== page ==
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Race Car Brake Lines Do's and Don'ts - Motorsport Tech Session

American Government Special Collections Reference Desk

Race Car Brake Lines Do's and Don'ts - Motorsport Tech Session

Grant Loc
September 2, 2011


Hello, how are you today?

This article will give you the information you need to make sure you have the best race car and motorsport brake lines in you car you can.

The brake lines operate and function as a blood system does in the human body. As in the human body there are some very pertinent facts which should be adhered to that will enable the blood to flow correctly and deliver good blood circulation.

Never route the brake lines near to the exhaust or any other heat source. This will raise the brake fluid temperature which is the enemy in maintaining positive brakes. In Motorsport the brake fluid temperature level will be increased due to hard braking, the heat is created from the brake pads friction when they are forced against the rotors. This heat is transferred by the calipers into the fluid and will give you Brake Fade. Adding any extra heat sources is a very bad design fault you want to be aiming to cool the fluid as much as possible.

Never route the brake lines in a way that will trap air for example in a loop, kink or high points. If you install the brake lines with any of these faults you will increase the chance of air being trapped. Air will give a very spongy pedal and not transfer the pressure you are exerting via the pedal to the calipers. This is due to the air in the system compressing. When a solid brake fluid line has been created you will have no air to compress, giving you a nice solid brake pedal.

Always use top spec brake lines. A good material to use are Steel lines these will give you a strong and durable brake line with next to no expansion. The Steel brake lines can also be cost effective. I am aware there are St/St braided lines available, but my advice is to use these to a minimum. Unless you have paid for the best flexi lines you may experience line expansion problems. Steel has the highest modules of elasticity of any material you can source for brake lines, thus helping to prevent line expansion. St/St Braided Flexi lines are fine for the feed side and to connect the main lines to the calipers.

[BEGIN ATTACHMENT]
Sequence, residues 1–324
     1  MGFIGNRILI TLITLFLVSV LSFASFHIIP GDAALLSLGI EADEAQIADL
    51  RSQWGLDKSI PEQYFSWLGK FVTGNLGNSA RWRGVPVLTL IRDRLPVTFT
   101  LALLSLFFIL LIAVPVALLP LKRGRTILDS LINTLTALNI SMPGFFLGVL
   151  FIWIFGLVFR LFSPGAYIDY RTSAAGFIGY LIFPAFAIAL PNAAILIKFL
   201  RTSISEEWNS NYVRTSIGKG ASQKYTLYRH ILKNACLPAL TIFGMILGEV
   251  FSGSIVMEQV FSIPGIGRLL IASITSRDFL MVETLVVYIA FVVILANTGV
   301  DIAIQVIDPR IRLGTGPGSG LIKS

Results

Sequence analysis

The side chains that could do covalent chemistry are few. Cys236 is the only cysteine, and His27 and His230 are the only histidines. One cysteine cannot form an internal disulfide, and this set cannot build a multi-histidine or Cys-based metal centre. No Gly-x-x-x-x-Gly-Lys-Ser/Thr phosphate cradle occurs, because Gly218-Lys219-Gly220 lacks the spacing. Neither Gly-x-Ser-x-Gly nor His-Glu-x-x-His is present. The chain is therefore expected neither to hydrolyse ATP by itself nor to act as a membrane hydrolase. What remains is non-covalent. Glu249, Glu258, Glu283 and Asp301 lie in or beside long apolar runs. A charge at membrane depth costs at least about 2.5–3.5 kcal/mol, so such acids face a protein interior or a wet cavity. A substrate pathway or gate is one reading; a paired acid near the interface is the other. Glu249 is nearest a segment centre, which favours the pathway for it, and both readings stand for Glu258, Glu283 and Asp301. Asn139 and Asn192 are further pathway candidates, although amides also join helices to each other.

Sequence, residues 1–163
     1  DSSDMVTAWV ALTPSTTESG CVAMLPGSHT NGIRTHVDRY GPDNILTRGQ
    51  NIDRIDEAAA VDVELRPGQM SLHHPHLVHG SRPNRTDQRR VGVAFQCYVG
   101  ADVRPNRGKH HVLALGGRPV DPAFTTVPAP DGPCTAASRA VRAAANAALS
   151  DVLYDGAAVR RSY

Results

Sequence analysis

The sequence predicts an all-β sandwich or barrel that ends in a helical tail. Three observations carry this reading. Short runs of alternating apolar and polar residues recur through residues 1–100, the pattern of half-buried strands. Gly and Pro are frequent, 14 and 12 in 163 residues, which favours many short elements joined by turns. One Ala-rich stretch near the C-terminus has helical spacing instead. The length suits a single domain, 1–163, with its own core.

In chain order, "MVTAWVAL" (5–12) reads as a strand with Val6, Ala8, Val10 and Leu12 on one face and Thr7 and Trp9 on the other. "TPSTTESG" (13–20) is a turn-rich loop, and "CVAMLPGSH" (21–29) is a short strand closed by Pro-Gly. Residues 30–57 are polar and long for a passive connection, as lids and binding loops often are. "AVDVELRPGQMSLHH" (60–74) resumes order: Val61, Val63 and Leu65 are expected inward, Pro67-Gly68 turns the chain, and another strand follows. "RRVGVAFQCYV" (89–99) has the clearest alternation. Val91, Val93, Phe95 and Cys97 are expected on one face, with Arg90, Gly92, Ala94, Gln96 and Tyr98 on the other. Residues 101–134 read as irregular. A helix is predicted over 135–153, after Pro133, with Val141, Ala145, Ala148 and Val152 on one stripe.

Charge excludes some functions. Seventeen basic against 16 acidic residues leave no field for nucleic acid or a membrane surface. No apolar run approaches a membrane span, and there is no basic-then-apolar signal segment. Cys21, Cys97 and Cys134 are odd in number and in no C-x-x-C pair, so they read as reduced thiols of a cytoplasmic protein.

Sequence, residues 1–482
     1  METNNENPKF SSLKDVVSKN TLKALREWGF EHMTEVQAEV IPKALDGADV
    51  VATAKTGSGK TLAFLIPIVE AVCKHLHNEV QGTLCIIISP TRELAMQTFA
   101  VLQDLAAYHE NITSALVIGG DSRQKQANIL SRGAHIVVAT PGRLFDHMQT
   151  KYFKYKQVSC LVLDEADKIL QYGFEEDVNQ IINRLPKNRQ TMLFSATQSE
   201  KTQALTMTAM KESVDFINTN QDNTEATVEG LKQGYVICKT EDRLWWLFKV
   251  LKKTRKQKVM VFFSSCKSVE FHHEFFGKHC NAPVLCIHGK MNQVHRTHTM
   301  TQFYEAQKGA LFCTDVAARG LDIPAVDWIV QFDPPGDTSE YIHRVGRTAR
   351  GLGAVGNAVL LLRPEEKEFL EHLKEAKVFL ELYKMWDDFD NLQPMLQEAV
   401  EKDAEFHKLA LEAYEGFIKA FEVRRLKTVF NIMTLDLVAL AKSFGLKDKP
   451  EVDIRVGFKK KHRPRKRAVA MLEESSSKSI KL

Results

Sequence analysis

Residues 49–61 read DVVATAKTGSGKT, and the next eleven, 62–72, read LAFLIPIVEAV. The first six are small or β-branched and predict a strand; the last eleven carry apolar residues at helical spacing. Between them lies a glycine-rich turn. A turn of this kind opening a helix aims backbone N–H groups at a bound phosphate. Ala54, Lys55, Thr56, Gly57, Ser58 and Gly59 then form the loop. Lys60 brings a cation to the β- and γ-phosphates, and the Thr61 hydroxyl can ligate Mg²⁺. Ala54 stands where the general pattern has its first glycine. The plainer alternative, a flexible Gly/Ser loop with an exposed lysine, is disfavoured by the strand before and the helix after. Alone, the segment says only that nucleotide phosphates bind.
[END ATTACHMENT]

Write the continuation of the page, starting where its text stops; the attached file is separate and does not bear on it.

The rigidity of the brake lines is very important and I feel we need to talk about this in more detail. With the correct brake lines you will get the force you exert on the brake pedal plus the ratio increase (Ratio increase is typically 5:1 or 6:1) and impact that pressure directly to the brake caliper.

If you use that force you have created by the pedal and the ratio increase in an expanding brake line you will loose the force created and not apply the correct pressure to the caliper. If you have installed a system where this is taking place you will not have an affective braking system and will not stop the car correctly. In the worst case the driver will use all the available travel in the pedal so the Master Cylinder piston has bottomed out in the cylinder bore, and still not have the brakes required!

By making the brake lines as rigid as possible will give you very little expansion and constantly deliver a strong and reliable brake every time you need it.

There is a myth that states if you install larger lines to the front from the rear this will alter the proportion braking force from front to rear. This is fallacy. Pressure is independent of the volume or area, so a 3/16 " I.D line to the front wheels will deliver the same pressure (PSI) as a 1/8" I.D line to the rear wheels.

The very important and vital rigidity and non expansion brake lines as we have talked about needs to be carried into the Flexi lines to the calipers. Only high quality St/St Braided flex hose should be used to carry the brake fluid to the calipers. Using a quality flexi St/St braided will give you the positive assurance that little pedal travel, pressure or work effort will be lost through line expansion. This is imperative when you are using a disc brake system where line pressures are much higher than in drum brakes.

Hose Specification

Liner: PTFE according to "ISO 12086, Part 1 PTFE-EPDM 1, 6.1.CE.4.1.2"Braid: AISI 304S15 Hard Drawn Stainless Steel Wire Working Temperature Range: Minus 60 Degrees C to Plus 260 Degrees C Maximum Allowable Elongation At Working Pressure - 4 % to + 2 % Work pressure rating 1500 PSI

Please note there are many types of flexi hoses so make sure you get the correct specification for your requirements.

One final area I would like to discuss is never assume that the brake Lines / Flexi Hoses you purchase are clean. To be 100% sure that there is no dust, grit or any other impurities in the hoses pour clean brake fluid through them to be sure the smallest amount of moisture and dirt are removed.

Thank you for your time reading this article, I hope it has been useful to you.


Grant Loc has been involved with Motorsports for over 15 years and the Director of obp Ltd. obp Ltd is a major player in Manufacture and Supply of Quality Race Car Products and provides most of the leading Motorsport distributors all over the World. obp manufacture Race Car Pedal Boxes, Handbrakes, Alloy Dry Oil Sump Tanks, etc. www.obpltd.com



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